Wednesday, October 21, 2015

Genderblind Parenting: Telling kids gender doesn’t matter when everything else tells them it does

If I had a dollar for every person who has told me they didn’t truly believe there were real, fundamental differences between males and females until they had kids and couldn’t get their sons to play with dolls or dissuade their daughters from amassing collections of sparkly princess dresses, I’d be rich. 

Left-leaning, progressive, feminist parents will say they had such grand ideas before having kids that they would create for their children a gender-neutral paradise in which neither boys nor girls would be confined to the stereotypes that so rigidly separate masculinity from femininity. But none of it seemed to work, they'll say. This part of the narrative is oddly uniform and almost always includes some anecdote about a feminist family’s young son chewing his toast (or sandwich, or saltine cracker, or cookie…) into the shape of a gun and pretending to shoot it, to the utter bafflement of the parents, who thought they had done everything possible to keep both toy and real guns and associated brands of masculinity out of the house. We don’t watch TV, the parents will say. They didn’t allow toy guns, they didn’t allow violent play. They encouraged him to be nurturing. They gave him dolls. It must be ingrained, they say. Maybe boys and girls really are different. They shrug their shoulders and sigh.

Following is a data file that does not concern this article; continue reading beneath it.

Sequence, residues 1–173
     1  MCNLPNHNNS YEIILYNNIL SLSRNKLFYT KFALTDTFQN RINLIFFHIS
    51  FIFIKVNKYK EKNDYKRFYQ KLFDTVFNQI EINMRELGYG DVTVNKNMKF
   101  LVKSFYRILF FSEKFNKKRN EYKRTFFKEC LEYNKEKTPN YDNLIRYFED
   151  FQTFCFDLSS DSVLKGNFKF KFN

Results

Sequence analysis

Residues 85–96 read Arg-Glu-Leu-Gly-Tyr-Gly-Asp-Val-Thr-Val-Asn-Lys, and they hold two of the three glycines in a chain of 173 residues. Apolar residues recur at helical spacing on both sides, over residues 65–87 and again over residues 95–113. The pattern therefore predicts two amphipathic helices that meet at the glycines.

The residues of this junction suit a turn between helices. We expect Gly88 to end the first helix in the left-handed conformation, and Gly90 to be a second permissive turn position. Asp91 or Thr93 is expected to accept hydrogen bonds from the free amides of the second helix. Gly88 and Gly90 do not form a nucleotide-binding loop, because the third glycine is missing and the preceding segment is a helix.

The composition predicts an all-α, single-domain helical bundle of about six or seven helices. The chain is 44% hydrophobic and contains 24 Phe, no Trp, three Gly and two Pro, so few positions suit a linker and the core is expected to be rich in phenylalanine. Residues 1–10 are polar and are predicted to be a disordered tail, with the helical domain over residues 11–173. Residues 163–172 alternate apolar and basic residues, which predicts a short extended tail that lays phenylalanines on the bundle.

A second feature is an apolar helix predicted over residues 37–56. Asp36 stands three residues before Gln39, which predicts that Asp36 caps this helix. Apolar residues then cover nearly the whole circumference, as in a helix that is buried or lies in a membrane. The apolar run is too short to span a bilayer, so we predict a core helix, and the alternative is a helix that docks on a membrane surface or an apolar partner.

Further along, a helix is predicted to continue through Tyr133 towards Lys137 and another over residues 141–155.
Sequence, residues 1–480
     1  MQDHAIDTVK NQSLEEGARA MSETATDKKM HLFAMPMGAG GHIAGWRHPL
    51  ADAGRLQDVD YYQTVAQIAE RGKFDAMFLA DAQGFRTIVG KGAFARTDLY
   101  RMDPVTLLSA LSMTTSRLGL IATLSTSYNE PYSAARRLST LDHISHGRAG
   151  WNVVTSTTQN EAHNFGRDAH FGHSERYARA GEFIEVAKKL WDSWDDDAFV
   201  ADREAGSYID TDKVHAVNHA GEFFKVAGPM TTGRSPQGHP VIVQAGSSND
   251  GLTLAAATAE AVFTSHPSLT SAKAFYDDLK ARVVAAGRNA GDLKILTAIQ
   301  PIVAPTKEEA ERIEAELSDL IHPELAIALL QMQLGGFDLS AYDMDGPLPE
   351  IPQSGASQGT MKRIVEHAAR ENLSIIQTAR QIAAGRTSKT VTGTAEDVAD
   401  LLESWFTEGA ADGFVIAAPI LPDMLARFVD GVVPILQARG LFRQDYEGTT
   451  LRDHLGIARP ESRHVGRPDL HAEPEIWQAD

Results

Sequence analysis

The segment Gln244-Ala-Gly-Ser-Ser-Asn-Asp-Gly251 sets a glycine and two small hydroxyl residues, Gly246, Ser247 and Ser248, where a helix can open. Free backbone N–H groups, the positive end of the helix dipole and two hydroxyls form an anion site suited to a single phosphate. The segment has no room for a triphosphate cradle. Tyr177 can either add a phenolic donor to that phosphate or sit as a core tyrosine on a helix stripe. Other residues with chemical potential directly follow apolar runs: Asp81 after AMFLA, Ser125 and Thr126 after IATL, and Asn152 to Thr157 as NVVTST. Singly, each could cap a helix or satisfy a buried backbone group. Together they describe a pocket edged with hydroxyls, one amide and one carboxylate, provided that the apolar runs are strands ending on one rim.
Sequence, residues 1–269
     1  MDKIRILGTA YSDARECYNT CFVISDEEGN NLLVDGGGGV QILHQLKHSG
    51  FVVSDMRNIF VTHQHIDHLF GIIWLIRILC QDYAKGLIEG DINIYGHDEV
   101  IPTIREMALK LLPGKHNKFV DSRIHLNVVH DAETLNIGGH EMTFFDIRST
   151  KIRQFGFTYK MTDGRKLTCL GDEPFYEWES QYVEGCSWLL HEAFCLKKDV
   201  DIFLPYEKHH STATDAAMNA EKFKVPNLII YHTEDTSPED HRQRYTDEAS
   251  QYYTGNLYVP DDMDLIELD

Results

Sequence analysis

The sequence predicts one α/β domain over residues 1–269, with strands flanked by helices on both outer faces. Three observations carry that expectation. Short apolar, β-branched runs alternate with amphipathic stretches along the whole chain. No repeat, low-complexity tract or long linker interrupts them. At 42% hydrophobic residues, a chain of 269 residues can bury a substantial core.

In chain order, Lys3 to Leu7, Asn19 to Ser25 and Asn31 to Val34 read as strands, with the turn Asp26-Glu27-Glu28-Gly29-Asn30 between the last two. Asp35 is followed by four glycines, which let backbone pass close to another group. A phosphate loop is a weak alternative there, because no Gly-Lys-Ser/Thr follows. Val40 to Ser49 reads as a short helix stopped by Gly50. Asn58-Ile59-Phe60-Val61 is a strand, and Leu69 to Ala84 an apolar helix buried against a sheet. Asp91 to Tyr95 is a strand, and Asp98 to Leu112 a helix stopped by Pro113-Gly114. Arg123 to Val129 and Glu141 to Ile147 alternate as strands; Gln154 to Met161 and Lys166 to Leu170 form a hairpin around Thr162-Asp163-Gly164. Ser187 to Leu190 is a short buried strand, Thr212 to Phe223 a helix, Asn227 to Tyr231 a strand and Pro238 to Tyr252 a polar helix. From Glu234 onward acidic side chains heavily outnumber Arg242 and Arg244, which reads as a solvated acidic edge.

My generation came of age during the rise of “girl power.” Post-Title IX babies, we were told that girls could do anything boys could do. We were taught - much more so than any American generation before us  - that gender didn’t matter. For the first time, there was growing public emphasis on the notion that you could be a girl and also be an athlete, a doctor, a business-owner, a politician or a rocket scientist. We were also the colorblind generation. Post-Civil Rights era babies, we were taught that race didn’t matter either - that anyone could do anything. Years later, our girl-power, colorblind cohort has come of age and women of all races (though particularly women of color) and men of color are still dramatically under- or mis-represented in everything from sports to politics to science. 

Anti-racist activists have spoken loudly and clearly on the dangers of “colorblindness” (see this, this, this, and this) - that teaching folks that race doesn’t matter, when everything around us tells us that it does, is not anti-racist at all, nor does it do anything to dismantle the institutional racism that still permeates our social, economic, and political lives. There are parallels between colorblindness and the idea of gender-neutral parenting. If our idea of gender-neutral parenting is to simply present male children with dolls and female children with trucks, provide some “diverse” clothing options, and assume that children will not absorb - or that they will be equipped to confront - any of the other cultural messages they receive about gender from movies and television, teachers, classmates, relatives, and books and toys, we have become “genderblind.” Genderblind parenting is teaching our children that gender doesn’t matter, all the while failing to name and confront the fact that gender is embedded in nearly every aspect of our daily lives.

Social norms are powerful and small children are deeply attuned to the world of the adults around them. Their brains are rapidly forming and strengthening synapses - the connections that allow them to function, but also to learn about the culture and people to whom they’ve been born. We can - and frequently do - tell preschoolers that boys and girls ought to be treated equally, and that gender doesn’t matter, but nearly everything else we do to or with children says otherwise.